There are a lot of pleasures to be had in Barry’s short story collection. First, there’s his way with language—a bent form of Irish that makes the most mundane exchange, like those of the mileage-obsessed locals at the hotel bar in “Fjord of Killary,” somehow hilarious. Then there’s the pleasure of safely spending time in the company of people you might well cross the street to avoid, like the Mullaney brothers in “White Hitatchi,” who are well-known to the local constabulary, or the law-abiding but big, sweaty, and, as their beer-tasting excursion extends, presumably loud, friends of “Beer Trip to Llandudno.” Whether they did well in the high-flying Celtic Tiger years, or, more likely, missed out entirely, whether in Ireland or part of the vast Irish diaspora, Barry’s characters tend to be aware of both the exact alcohol content of their chosen beverages and the likelihood that the road they’re on isn’t leading anywhere good. Though “Dark Lies the Island”—one of the few stories told from a female point of view—isn’t the collection’s strongest, it does offer the perfect title overall: the island and its inhabitants aren’t doing well, and Barry is a master at showing both the darkness and the piercing moments of humor and self-knowledge that now and then penetrate it. (Sept. 24)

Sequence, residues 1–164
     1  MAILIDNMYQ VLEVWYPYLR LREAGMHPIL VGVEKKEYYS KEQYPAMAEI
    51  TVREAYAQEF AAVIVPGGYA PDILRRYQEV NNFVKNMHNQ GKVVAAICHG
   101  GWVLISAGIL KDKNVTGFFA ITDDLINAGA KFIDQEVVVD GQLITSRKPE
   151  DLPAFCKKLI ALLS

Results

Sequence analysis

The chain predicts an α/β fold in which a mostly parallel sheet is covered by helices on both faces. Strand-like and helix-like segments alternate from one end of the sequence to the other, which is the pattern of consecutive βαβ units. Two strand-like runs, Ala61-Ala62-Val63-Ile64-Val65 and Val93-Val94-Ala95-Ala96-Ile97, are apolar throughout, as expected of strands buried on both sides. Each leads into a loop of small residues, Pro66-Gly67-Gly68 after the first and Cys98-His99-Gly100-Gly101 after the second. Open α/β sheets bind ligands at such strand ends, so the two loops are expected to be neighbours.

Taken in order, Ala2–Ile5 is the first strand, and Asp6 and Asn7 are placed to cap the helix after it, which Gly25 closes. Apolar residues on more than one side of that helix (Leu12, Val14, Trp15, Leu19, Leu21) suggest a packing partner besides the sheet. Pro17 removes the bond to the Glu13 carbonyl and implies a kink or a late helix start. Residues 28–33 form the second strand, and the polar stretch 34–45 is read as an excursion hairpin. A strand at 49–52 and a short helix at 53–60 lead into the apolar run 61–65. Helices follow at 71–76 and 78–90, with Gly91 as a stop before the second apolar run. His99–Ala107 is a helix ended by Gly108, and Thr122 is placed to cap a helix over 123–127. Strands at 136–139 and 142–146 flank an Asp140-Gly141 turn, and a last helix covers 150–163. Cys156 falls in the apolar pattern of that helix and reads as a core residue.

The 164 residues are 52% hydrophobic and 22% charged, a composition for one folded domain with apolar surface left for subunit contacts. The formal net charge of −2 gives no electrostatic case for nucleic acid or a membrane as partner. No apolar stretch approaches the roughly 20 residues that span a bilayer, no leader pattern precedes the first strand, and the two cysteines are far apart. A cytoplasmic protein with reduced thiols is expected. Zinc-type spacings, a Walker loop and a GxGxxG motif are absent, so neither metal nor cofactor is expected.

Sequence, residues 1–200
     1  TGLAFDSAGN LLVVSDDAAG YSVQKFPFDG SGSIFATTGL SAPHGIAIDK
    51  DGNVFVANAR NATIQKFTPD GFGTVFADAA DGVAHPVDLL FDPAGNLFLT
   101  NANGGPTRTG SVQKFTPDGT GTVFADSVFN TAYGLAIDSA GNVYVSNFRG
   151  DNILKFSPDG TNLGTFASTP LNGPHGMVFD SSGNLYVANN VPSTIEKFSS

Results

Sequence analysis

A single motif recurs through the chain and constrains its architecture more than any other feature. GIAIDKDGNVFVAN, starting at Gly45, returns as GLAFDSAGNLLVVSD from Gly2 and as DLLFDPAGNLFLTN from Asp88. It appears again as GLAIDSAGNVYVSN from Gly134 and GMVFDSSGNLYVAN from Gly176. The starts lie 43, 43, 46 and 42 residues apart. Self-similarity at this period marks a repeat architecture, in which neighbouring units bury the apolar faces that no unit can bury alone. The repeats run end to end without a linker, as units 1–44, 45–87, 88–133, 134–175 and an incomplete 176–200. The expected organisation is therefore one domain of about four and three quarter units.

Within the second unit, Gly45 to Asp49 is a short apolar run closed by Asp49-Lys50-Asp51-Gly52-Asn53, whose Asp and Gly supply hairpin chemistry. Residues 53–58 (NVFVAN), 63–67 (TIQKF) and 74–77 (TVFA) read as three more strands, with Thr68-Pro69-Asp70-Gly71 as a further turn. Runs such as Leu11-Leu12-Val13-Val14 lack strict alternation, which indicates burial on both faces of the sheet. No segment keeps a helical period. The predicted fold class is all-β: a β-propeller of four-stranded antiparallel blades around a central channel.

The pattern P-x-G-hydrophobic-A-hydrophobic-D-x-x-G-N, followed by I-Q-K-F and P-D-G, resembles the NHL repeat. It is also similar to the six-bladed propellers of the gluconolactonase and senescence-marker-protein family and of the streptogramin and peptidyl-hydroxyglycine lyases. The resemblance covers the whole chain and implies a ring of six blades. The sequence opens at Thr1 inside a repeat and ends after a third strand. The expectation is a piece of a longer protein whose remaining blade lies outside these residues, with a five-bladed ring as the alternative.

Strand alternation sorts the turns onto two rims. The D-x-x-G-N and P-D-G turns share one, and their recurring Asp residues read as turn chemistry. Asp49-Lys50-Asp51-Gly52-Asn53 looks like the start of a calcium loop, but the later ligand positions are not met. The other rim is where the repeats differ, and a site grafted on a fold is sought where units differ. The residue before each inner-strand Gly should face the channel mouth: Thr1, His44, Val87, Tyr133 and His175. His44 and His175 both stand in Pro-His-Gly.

From the Publisher
Praise for Dark Lies the Island:

“[Kevin Barry] isn’t sparing with his powers. Even his throwaway lines are keepers. . . . What makes this book such a satisfying read is that his memorable sentence-writing is in the service of well-constructed, moving stories.” —The New York Times

"This collection is subtler, more poetic and more disturbing [than City of Bohane]. It reveals the menace of everyday life. . . . By the end of a story, Barry has me in full sympathy with someone I might edge away from on the train. His regard for characters big and small and capacity to be funny without playing them for cheap laughs recalls George Saunders." ––The New York Times Book Review

"Stealthy and shimmering. . . . Darkness abounds in these 13 stories, though it takes its different forms: vileness, foreboding, ignorance, isolation, self-delusion, despair. . . . Often playful, comic, even gently so." ––The Boston Globe

"If these tales are built around marginalized figures, there's nothing uniform about Barry's storytelling voice. He does humor. He does high drama. He even dabbles in horror (of a kind). And he can handle just about any other narrative form you might think of. . . . If City of Bohane earned Barry a modicum of global literary stardom . . . this collection leaves no doubt that he's earned all that's come his way. Deeply humane and immensely funny, Dark Lies the Island is another testament to his many talents." ––Star Tribune (Minneapolis)

"Barry's writing is a marvel: it is immoderate, probing, alive and lyrical, a cross between Roddy Doyle and Patrick McCabe. He plumbs his characters' lives and finds the nuances of everyday pathos and humor. . . . Dark Lies the Island is an exceptional collection by one of the most talented Irish writers of his generation." —Shelf Awareness, starred review